The European Commission estimates that the elimination of trade barriers resulting from discriminatory and preferential procurement practices may bring about savings to the European economy of about 0.5% of EU GDP, which would be about USD 92 billion in 2008. These savings are thought to be the result of three effects: The trade effect represents the actual and potential savings as a result of lower purchase prices than can be had from a broader pool of suppliers. The competition effect represents the improvement, as a result of increased competition, in the efficiency and performance of previously sheltered national firms, and manifests as price convergence. Finally, the restructuring effect represents the long-term structural adjustment of the industries servicing the public sector in reaction to the trade and competition effects.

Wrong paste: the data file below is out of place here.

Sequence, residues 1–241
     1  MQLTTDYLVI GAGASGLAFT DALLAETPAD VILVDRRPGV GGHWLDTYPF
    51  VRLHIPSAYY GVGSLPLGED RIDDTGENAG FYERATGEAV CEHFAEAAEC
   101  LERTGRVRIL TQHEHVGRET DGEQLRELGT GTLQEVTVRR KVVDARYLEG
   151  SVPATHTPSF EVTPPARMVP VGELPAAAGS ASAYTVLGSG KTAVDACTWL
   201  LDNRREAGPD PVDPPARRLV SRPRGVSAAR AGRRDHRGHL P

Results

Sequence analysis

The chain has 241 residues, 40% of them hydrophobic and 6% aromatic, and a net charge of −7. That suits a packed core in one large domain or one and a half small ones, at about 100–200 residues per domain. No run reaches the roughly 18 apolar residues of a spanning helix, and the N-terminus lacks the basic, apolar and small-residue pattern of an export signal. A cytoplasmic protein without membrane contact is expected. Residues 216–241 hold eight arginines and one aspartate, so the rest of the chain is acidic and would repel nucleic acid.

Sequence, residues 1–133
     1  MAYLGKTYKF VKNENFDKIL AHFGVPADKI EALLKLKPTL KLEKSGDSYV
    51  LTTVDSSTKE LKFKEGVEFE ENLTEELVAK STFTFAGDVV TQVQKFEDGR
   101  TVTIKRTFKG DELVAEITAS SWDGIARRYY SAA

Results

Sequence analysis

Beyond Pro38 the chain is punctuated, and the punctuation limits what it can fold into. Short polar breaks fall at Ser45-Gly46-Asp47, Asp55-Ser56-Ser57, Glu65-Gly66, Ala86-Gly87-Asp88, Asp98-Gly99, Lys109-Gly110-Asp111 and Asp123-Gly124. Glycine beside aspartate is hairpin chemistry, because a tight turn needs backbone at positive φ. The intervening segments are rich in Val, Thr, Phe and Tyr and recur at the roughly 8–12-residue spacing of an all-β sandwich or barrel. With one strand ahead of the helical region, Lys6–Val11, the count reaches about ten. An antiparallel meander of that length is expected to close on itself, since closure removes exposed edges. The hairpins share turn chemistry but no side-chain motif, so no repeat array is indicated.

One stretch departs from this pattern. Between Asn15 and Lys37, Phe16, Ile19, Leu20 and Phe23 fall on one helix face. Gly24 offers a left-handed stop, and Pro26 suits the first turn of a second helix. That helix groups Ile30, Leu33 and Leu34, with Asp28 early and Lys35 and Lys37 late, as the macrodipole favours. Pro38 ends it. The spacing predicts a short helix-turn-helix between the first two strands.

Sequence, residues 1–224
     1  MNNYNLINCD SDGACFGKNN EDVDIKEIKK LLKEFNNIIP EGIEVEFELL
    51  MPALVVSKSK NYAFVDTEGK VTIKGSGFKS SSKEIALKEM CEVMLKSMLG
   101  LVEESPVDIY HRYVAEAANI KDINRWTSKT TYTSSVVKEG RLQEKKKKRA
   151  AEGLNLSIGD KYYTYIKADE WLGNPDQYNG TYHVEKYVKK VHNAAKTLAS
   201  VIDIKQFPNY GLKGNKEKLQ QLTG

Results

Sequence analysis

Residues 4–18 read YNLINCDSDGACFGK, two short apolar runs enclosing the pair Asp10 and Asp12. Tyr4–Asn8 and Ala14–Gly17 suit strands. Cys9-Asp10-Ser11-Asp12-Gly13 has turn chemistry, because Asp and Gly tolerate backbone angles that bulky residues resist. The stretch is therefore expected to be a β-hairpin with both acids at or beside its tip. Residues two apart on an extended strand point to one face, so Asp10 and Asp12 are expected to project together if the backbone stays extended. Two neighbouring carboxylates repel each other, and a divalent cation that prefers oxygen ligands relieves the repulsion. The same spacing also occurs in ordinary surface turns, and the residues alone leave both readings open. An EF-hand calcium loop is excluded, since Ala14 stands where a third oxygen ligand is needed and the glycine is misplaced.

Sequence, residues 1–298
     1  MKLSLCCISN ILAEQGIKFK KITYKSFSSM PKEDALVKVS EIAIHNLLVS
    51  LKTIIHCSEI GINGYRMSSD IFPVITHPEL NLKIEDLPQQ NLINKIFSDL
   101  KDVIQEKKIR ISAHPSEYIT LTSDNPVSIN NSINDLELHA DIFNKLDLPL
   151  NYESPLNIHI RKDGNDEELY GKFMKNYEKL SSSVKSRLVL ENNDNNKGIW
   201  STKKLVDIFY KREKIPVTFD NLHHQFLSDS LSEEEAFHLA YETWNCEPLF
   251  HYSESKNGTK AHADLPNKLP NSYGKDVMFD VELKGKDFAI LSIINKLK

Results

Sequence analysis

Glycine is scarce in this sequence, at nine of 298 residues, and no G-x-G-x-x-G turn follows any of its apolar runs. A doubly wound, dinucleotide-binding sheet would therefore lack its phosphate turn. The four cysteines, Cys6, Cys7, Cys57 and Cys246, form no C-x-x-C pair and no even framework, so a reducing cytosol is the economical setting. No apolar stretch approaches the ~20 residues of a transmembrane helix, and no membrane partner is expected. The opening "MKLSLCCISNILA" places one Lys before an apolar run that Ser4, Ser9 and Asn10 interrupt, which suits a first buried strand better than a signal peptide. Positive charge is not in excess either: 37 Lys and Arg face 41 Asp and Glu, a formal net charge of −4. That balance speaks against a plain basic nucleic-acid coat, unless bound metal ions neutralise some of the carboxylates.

To effect this, the Public Procurement Directives seek to base procurement on the following principles.
Transparency in European government procurement is achieved through the publication, in the Official Journal, of three types of notices:
- Periodic Indicative Notices (PIN) indicate the annual estimated procurement volume for every contracting authority
- Invitations to tender are the formal invitations to suppliers to tender offers that start the process of awarding a contract.
- Contract Award Notices (CAN) notify the public about the award of a contract to a successful tenderer, including the price and the reason for the selection.